Tunable IR to X-ray radiation sources based on
free-electrons interacting with graphene plasmons


Discovering a compact method of generating coherent X-rays is a long-standing holy grail in modern science and engineering. The wished-for device is commonly referred to as a “table-top X-ray laser”. Such a device would revolutionize many fields of science by making high-quality X-ray beams ubiquitous in academic and industrial laboratories . On the biomedical front, such a device would allow for incredibly sensitive, low-dosage imaging techniques with unprecedented resolution deep inside the human body. Today, high-quality X-ray beams can only be created in very  expensive and large national facilities that house  synchrotrons or free-electron lasers (e.g., the SLAC National Accelerator Laboratory).

We approach the challenge of high-quality X-ray sources from a novel direction by taking ideas from the rapidly developing field of graphene nanophotonics and using the recent discovery of graphene plasmons in particular. We demonstrate that graphene, with its ability to support strong electric fields and highly confined surface plasmon modes, is a promising platform upon which to realize chip-scale sources that generate efficient, highly-directional, and tunable X-ray radiation. Further work is still needed to explore the possibility of achieving coherent radiation from such a device, in order to have an actual laser. [see more details in the supplementary information of our paper]


The above process of high-frequency radiation generation can be explained through an electron-plasmon scattering theory that we develop through both analytical theory and ab initio simulations.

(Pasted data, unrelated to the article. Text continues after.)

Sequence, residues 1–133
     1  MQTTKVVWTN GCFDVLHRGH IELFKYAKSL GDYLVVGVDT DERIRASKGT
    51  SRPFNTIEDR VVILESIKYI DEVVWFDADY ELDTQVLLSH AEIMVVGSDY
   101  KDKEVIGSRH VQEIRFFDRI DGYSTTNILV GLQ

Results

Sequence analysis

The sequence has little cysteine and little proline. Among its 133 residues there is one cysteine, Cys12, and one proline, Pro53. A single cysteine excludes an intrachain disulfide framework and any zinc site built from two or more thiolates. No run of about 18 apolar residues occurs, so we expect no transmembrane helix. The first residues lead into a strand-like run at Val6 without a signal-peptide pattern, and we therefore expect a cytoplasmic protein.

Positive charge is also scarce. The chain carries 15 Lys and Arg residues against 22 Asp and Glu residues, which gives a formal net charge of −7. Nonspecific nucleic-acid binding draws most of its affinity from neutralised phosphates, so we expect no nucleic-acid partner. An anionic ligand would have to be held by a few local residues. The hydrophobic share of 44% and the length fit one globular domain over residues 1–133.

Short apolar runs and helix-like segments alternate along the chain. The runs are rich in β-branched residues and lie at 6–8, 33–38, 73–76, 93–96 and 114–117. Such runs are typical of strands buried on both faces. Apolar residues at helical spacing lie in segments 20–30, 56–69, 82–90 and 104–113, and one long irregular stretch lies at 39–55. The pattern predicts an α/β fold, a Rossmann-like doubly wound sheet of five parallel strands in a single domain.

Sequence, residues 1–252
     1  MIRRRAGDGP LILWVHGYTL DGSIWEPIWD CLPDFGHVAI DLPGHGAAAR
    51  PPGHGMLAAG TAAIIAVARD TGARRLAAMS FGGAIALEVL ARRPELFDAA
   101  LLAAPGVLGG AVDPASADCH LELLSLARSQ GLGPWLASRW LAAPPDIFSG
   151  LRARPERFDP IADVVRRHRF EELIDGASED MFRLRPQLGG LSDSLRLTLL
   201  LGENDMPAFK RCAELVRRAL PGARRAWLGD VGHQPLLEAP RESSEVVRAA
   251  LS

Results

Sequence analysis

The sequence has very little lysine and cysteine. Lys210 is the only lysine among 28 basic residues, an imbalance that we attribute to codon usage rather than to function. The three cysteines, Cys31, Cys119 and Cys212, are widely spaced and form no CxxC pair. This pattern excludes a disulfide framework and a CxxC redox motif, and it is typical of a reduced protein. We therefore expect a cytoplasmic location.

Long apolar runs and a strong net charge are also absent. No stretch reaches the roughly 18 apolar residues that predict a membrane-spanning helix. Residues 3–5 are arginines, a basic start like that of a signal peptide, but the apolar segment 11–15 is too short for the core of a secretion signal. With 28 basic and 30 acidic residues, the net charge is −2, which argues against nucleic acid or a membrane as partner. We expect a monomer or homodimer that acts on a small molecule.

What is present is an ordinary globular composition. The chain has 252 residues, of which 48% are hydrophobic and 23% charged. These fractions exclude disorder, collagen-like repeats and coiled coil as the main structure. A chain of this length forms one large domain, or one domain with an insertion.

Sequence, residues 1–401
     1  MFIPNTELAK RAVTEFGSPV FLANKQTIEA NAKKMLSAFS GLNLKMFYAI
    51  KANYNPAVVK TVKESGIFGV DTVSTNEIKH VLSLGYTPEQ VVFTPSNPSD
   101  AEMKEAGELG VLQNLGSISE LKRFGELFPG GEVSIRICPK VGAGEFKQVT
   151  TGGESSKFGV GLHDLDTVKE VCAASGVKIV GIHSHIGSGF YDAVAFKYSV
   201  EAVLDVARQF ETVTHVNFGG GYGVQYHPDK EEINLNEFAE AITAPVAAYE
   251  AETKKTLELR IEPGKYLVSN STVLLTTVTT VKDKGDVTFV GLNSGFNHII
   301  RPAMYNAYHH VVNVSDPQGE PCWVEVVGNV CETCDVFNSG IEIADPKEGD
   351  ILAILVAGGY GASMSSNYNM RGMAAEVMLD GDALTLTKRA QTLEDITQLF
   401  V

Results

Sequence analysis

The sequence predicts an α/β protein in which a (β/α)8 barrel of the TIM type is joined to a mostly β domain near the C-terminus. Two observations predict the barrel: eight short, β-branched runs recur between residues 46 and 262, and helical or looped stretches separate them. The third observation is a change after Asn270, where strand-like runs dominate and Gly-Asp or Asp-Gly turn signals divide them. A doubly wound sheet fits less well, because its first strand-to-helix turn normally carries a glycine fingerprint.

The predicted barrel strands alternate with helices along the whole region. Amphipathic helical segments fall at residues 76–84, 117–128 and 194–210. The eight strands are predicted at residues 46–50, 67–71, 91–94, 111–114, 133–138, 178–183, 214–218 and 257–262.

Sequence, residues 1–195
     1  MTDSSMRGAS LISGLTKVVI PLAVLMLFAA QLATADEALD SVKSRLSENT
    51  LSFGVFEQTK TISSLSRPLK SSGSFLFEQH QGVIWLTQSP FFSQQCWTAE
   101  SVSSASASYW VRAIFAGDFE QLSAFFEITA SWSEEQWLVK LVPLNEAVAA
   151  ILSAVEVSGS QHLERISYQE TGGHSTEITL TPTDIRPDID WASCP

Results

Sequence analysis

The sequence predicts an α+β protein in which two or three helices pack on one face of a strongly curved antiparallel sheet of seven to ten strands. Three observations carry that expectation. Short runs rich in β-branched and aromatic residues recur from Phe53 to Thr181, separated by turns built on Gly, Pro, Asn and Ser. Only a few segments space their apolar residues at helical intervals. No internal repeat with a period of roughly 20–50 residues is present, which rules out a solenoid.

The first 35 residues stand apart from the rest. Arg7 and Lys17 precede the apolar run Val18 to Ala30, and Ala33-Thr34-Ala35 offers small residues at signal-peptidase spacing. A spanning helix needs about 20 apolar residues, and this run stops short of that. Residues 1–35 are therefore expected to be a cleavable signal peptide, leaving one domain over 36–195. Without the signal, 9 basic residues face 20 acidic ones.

From a classical perspective, the process can be explained by the plasmon wiggling an electron beam: The graphene plasmons form a periodic electromagnetic grating that causes electrons (5eV to 5MeV) to oscillate and emit radiation from infrared to X-ray frequencies.

Graphene-plasmon-based free-electron source of short wavelength radiation. (left) A schematic showing the electon-plasmon interaction, in which (right) free-electrons (dotted white lines) interact with the graphene plasmon  field (glowing red and blue bars) to produce short-wavelength output radiation.

Our numerical simulation solves for the exact electron trajectories using the (relativistic) Newton-Lorentz  equation. The electromagnetic field experienced by each electron is the superposition of the plasmon field as well as the fields from other electrons in the beam. The emitted radiation is computed from the Liénard–Wiechert potentials (which are exact solutions of Maxwell equations).

We also derive an analytical theory for the electron-plasmon scattering process based on principles of electron-photon scattering (namely, Thomson scattering and inverse Compton scattering): The emitted photon frequency from an elastic collision of an electron and a plasmon is

                frequency of the emitted photon

                 angle of emission

         electron velocity

                 plasmon frequency

                 plasmon confinement factor (the ratio of the free-space wavelength to the plasmon wavelength at the same frequency; values ~200 have been experimentally achieved in graphene)

Regimes of Operation

In the terminology of the optics and photonics community, our scheme is a form of frequency up-conversion: Given a monochromatic light source that excites the graphene plasmon (typically at IR frequencies), the electron beam up-converts the frequency to the visible/UV/X-ray range. The use of this mechanism for  frequency down-conversion to the terahertz regime is also possible.

Regimes of frequency conversion for the graphene-plasmon-based free-electron radiation source. (a) Soft and hard X-ray generation using electron beams of energies achievable with lab-sized equipment, without extra acceleration stages. (b) Schemes for frequency up-conversion (continuous black lines) and down-conversion (dashed black lines) using a source of very non-relativistic electrons, which can be implemented in on-chip configurations. Notice that extreme down-conversion occurs at the point where the electron velocity matches the graphene plasmon phase velocity and electron-plasmon coupling is enhanced. The assumed free space wavelength is 1.5 microns for both panels (however, the vertical axes scale linearly when a different wavelength is used).

Further reading